After a loved one dies, the executor has to distribute the assets according to the instructions in the will. Once you learn the content of the will, you may sometimes question the validity of the document. If you want to contest the will, there are several guidelines you have to follow.
The writer of a will, or the testator, has to meet several requirements for the document to be valid. FindLaw says that the testator has to have testamentary capacity. Your loved one has to understand all the terms of the will, the extent of the estate and the identity of the beneficiaries. Additionally, the testator has to make the will intentionally. If your loved one did not write the will voluntarily or lacked testamentary capacity, you may have valid ground to challenge the document.
Who can challenge the will?
You typically have to meet specific criteria if you want to contest the will. According to Smart Asset, you usually have to be an interested party to the will. You may have a family relationship with the deceased or you may be a business partner. Additionally, you can challenge the will if you are a beneficiary, even if you have no blood relation to the deceased. Underage children usually cannot contest a will. However, you may challenge the document for them if you are a legal guardian or the executor.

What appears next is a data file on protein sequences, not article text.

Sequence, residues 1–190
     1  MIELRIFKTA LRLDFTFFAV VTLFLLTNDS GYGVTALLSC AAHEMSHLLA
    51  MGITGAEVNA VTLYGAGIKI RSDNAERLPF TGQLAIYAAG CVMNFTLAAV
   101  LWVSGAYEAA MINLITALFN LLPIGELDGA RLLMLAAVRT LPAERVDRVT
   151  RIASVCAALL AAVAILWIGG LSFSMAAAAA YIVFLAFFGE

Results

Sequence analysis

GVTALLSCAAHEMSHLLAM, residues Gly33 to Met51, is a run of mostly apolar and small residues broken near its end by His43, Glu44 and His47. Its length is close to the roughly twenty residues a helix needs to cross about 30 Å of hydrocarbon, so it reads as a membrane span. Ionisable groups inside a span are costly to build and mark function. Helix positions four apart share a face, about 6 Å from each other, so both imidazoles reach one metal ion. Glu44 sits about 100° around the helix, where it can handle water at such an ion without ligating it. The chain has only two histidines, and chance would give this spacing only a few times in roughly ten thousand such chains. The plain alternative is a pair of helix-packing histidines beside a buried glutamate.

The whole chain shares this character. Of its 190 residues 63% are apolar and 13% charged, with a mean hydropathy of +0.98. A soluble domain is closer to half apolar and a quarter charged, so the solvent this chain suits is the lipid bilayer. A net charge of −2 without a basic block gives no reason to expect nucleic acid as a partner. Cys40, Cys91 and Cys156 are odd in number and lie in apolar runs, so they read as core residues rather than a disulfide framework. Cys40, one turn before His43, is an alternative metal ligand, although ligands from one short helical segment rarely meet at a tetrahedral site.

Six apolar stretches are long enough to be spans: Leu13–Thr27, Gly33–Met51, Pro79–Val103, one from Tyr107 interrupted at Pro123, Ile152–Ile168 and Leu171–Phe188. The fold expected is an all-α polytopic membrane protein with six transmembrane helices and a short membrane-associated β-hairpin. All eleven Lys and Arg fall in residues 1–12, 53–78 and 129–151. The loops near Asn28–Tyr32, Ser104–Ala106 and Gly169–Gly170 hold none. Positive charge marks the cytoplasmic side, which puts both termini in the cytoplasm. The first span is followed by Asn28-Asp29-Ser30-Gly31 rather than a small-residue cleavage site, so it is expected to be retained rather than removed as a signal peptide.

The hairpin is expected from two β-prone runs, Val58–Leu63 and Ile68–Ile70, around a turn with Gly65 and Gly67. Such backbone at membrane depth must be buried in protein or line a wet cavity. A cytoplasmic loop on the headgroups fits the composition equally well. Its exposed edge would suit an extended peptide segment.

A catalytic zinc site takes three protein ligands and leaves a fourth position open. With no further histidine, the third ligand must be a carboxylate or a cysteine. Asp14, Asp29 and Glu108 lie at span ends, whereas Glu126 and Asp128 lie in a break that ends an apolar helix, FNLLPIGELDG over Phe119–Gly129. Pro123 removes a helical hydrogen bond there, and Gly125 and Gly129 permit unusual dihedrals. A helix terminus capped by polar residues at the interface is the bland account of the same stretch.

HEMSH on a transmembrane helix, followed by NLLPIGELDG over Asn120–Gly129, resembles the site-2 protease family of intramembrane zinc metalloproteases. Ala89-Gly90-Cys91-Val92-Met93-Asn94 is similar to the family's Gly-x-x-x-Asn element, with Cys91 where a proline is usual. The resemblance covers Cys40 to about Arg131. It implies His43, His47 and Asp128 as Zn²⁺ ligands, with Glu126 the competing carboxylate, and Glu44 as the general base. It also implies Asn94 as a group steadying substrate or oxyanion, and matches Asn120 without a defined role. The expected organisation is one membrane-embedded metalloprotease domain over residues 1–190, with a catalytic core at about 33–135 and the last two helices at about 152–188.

How do you contest a will?
To challenge the will, you generally have to work with a probate court. You may need to file a petition and attend a hearing. At the hearing, you can provide evidence about why the will is not valid. The probate court usually listens to all the evidence and decides how to proceed.
Presenting evidence at a hearing does not guarantee that a probate court will reject the will. After hearing the evidence, the court may rule to uphold the document.